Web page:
# Foreign Bond Exposure

I don’t understand why currency performance even comes into play (in some calculations in fixed income). Unless I somehow missed the gist of the vignette, there was one I read where:
-reporting currency is USD
-we buy the Mexican 5-year, & hedge it back to the home currency using currency FCs.
My first Q: Isn’t currency risk & performance eliminated by this? Clearly not, because we go on to calculate the return as: 5% Mexican 5 year rate + 2% loss on currency from peso appreciating relative to the USD (& we bought USD forward) + 3% difference between financing rates in the countries (US rate higher by 3%)
There is another reading that introduces the:
Return in home currency = (1+its return)*(1+currency return)
So, if we add a hedge to this- doesn’t it just become (1+its return in the foreign country)?

That means all returns are converted back to USD (including the MXN bond), that’s why you need to compute currency performance.

Depends on what forward rate you hedged at (using the forward contract), versus the current spot rate.

If there is a currency hedge using forward contracts (to sell MXN and buy USD), the currency return would be:

Hedged ~Currency ~return = \frac {Forward ~rate_{USD/MXN} - Spot ~rate_{USD/MXN}}{Spot ~rate_{USD/MXN}}

Note: The exchange rates are in DC/FC format (DC = USD, FC = MXN)

If the forward rate = spot rate, then the hedged currency return = 0.

If the forward rate > spot rate, then the hedged currency return > 0.

If the forward rate < spot rate, then the hedged currency return < 0.

A useful formula to approximate the hedged currency return is based on uncovered interest rate parity.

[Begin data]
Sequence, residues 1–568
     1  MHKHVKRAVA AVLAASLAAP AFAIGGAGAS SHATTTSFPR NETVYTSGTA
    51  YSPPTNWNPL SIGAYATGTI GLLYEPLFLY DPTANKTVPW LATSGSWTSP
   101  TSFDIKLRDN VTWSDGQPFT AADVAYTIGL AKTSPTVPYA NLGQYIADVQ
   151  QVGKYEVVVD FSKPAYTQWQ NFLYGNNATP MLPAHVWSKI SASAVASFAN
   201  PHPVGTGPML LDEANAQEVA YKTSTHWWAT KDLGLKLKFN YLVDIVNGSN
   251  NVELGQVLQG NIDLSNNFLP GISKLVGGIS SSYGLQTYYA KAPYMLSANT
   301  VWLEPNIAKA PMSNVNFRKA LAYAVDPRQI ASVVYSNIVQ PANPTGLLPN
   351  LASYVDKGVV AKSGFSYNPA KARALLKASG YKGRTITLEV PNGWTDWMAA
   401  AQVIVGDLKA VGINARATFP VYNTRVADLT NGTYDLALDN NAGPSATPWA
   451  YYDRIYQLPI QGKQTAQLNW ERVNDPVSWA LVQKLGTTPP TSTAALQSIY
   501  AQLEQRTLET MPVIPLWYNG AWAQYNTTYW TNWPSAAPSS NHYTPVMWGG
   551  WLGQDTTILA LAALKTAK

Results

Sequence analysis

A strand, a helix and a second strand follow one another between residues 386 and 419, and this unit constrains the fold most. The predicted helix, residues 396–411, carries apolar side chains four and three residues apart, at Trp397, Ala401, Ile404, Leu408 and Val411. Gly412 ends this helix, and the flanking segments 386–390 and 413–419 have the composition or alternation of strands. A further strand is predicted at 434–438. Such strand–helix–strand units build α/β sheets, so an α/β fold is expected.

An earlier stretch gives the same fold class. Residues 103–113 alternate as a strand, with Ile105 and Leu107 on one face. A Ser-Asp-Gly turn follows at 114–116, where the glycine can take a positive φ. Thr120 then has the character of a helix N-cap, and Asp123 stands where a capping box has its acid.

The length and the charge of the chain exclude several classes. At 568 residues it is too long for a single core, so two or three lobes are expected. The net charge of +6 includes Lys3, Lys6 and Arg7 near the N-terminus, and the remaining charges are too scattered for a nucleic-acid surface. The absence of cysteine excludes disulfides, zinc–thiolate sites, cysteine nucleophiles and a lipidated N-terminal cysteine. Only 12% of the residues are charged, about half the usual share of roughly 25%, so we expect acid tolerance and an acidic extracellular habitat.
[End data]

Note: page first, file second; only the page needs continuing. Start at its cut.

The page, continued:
Hedged ~Currency ~return = \frac {Forward ~rate_{USD/MXN} - Spot ~rate_{USD/MXN}}{Spot ~rate_{USD/MXN}}

Hedged ~Currency ~return \approx r_{USD} - r_{MXN}

There was no hedge done here, so the currency return is based on:

Expected ~Currency ~return = \frac {Expected ~spot ~rate_{USD/MXN} - Spot ~rate_{USD/MXN}}{Spot ~rate_{USD/MXN}}

Note: The exchange rates are in DC/FC format (DC = USD, FC = MXN)

If the expected spot rate = spot rate, then the expected currency return = 0.

If the expected spot rate > spot rate (peso appreciates against USD), then the expected currency return > 0.

If the expected spot rate < spot rate (peso depreciates against USD), then the expected currency return < 0.

The situation in which currency performance comes into play in a hedged investment occurs when the amount of currency hedged is different from the actual cash flow from the investment. This commonly occurs with stocks, because you don’t know what the price of the stock will be when you sell it, and it can occur with bonds if you don’t hold the bond to maturity, for the same reason.